The Sacred Grove

In ancient times, a Sacred Grove was a place of sanctuary as well as a place where Druids worshipped. It was a place where the spirit was refreshed and where comfort could be given. Sacred Groves were often a quiet clearing in the forests and woods but modern druids often use stone circles high on the moorland for this purpose.

But druids also have a sacred inner Grove. This is also a place of peace and harmony where they can go at any time to gain inspiration and refreshment of the spirit.



More about Braunston

Yesterday I found a leaflet published by Rutland County Council. They have produced a set of Heritage Trail leaflets. According to their information on the goddess figure it is a Sheela-na-gig.

It was hidden for many years, set as a stone in the threshold of the church doorway. It was discovered during renovation and placed in its current position. No-one seems to know anything else about it. The church itself is 12th century.

Goddess carvings

On Boxing Day some friends and I went to visit a goddess figure in the churchyard at Braunston in Rutland. No-one really knows much about this but the church is built on a mound which could have been a pagan site. Here is a photo of the figure together with my friends standing by it so you will get some idea of its size.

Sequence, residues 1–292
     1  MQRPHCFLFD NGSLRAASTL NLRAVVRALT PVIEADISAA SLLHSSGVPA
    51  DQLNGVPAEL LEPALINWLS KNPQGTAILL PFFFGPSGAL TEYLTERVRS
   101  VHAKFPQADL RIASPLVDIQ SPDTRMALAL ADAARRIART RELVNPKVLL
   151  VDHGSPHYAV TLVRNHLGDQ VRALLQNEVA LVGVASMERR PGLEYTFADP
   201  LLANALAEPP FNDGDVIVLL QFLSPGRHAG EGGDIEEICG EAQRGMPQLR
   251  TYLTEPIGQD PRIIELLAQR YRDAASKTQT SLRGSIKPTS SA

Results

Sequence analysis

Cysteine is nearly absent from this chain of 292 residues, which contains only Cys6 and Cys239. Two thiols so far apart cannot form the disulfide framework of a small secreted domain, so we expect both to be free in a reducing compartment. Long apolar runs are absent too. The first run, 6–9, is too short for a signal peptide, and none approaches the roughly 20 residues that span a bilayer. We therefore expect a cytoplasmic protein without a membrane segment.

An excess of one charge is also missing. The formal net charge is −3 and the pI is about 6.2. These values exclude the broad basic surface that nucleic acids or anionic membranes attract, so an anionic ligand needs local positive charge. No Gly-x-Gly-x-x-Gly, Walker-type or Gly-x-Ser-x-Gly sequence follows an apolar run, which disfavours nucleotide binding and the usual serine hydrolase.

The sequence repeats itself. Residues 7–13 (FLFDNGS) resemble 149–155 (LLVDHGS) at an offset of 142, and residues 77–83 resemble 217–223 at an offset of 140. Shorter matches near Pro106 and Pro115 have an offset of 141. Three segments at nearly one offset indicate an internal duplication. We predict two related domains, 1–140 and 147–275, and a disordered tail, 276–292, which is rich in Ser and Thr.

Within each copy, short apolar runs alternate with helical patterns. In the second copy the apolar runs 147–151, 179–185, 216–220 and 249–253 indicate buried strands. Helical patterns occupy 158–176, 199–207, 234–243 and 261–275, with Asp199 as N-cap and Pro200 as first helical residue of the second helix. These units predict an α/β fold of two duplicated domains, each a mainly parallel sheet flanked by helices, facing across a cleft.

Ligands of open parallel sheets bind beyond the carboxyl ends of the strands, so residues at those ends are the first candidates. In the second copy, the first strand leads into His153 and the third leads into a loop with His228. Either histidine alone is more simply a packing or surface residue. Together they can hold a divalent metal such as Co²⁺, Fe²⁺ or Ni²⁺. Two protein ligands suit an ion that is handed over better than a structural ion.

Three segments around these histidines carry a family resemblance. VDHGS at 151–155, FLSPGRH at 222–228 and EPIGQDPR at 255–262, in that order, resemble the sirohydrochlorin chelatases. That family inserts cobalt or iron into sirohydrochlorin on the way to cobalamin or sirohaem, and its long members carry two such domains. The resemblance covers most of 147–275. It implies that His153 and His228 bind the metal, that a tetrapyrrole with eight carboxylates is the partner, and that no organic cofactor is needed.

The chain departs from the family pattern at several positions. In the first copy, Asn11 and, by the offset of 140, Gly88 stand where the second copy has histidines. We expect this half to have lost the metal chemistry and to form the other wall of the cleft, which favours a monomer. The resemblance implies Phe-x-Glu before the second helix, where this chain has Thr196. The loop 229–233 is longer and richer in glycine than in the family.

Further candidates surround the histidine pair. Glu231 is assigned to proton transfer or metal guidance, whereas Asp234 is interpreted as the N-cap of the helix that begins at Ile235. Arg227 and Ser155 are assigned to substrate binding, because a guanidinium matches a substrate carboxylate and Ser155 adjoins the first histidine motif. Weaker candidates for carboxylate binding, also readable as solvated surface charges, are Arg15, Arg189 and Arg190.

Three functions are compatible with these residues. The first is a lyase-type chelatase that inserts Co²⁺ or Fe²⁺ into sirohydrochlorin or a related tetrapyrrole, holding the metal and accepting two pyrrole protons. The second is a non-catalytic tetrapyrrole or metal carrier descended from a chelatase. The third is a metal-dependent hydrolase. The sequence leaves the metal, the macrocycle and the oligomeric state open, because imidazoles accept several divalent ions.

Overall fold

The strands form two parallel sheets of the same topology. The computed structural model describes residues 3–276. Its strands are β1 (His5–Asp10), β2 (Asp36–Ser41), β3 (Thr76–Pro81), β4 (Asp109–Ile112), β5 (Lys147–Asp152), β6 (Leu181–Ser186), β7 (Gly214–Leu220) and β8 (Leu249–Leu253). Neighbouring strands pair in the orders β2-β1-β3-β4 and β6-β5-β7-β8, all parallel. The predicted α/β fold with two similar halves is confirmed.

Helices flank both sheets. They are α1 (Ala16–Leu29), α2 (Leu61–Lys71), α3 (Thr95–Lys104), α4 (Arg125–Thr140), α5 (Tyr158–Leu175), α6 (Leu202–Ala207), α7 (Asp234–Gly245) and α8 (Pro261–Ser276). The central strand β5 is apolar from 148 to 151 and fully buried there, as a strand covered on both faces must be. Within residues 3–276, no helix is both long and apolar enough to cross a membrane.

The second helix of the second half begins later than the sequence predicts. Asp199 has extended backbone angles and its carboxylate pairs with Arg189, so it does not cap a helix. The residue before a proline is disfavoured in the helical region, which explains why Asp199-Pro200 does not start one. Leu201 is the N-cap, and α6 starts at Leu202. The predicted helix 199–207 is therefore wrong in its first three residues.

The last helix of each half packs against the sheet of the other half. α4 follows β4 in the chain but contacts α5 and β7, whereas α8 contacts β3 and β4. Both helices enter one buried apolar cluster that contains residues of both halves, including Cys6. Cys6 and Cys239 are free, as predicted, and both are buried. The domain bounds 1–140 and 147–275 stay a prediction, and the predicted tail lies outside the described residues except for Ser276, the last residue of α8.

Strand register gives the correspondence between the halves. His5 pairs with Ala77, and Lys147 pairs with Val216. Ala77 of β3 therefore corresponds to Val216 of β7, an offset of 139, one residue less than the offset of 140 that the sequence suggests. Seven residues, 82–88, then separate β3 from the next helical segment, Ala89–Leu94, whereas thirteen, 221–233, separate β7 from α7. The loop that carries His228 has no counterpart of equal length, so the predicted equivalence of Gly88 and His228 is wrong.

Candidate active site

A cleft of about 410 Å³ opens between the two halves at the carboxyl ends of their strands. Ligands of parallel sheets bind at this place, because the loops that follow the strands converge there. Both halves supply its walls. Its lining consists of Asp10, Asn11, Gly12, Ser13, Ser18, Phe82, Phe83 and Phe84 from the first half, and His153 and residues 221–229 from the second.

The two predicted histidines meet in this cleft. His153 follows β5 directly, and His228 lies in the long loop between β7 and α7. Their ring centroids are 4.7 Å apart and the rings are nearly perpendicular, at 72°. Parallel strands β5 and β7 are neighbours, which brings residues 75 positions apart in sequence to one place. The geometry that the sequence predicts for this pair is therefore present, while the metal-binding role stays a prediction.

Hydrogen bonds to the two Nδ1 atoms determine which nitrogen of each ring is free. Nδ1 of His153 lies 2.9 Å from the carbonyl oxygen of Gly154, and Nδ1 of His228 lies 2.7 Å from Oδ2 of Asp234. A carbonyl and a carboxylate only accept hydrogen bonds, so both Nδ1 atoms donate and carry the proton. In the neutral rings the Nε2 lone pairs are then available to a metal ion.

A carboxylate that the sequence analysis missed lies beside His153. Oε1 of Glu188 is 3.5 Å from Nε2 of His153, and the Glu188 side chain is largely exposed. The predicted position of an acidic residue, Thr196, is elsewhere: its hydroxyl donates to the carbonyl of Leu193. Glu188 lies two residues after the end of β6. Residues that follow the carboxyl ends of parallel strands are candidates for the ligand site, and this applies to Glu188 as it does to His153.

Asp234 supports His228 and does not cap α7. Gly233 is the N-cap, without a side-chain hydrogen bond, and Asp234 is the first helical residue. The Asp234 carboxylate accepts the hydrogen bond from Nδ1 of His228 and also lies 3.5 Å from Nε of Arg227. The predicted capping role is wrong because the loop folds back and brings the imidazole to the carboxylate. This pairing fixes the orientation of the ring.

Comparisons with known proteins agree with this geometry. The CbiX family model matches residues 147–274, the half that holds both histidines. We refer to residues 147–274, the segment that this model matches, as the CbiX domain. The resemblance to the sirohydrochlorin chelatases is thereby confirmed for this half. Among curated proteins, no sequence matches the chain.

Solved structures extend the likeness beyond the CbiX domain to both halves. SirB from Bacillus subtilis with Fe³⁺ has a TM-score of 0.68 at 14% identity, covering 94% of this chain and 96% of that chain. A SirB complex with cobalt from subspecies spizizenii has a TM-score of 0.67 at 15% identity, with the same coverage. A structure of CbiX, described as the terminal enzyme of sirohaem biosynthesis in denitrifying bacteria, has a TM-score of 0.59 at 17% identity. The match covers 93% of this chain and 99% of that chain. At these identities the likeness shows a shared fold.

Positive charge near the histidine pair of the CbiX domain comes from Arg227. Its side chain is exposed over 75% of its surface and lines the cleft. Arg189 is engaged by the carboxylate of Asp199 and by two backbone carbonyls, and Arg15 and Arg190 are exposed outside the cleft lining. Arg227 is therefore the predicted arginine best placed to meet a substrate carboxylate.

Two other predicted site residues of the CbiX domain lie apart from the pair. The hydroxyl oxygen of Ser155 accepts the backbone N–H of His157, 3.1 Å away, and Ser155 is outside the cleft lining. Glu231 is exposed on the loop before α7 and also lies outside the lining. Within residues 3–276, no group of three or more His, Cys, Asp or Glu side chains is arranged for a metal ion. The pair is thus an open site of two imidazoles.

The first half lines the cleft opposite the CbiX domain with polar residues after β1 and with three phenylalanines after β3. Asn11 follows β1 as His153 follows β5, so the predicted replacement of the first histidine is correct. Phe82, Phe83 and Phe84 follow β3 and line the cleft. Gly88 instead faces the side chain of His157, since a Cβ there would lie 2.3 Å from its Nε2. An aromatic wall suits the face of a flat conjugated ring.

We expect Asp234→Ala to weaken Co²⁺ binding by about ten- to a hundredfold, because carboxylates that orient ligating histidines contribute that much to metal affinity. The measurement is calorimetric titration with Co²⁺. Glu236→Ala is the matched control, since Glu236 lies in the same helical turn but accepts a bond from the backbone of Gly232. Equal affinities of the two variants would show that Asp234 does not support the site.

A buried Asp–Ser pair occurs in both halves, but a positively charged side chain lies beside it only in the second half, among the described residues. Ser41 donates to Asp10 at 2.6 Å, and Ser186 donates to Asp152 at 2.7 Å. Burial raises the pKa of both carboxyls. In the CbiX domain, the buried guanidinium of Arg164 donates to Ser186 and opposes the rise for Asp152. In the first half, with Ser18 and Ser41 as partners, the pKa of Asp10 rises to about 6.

Straw Bear

This weekend is the Straw Bear festival in Whittlesey. When I lived in Whittlesey, this was one of the highlights of the year. The story of the Straw Bear can be found at

The small town will be filled with Morris dancers, Molly dancers, Sword dancers, etc. Here is the Straw Bear banner and a photo of the bear being ceremonially burned.

Signs of Spring

Druids celebrate eight festivals, spread fairly evenly throughout the year. The next festival is Imbolc on 1st February. This is a spring festival celebrating the awakening of the earth. I will write more about this nearer the time.

But there are already signs of spring around. Cherry blossom is blooming in the town centre, bulbs are appearing and I have plants in my garden that have flowered all through the winter months. Each morning I walk down my garden path looking to see what is happening. The flowering currant has beautiful buds and there are some wild flowers appearing, pink and yellow. I wonder what tomorrow will bring.

Here is another stone circle in Cumbria.

More about what druidry means to me

For me, I find druidry gives me a philosophy, a way of looking at things, a way which emphasises how everything is connected. It also helps me to look at ways of preserving our environment.

Another aspect of druidry is the way it allows you to get back in touch with Nature by working in special ways (More about this later)

Life is a journey and being a druid helps me to understand each part of this journey, the twists and turns of life, the challenges and the rewards.

Here is a photo of another special place in Weris, Belgium.

What druidry means to me

I am often asked about druidry and what it is. For me it is a way of establishing my connection with nature, of strengthening that connection and understanding how everything is connected.

So there is a connection with Mother Earth, the Moon, the Stars, the four elements; Earth, Fire, Water and Air; the seasons, animals,stones and plants.

This is a living system and so is my druidry, evolving and changing as needed.

Here is one of my favourite trees, a 300+ year old beech tree.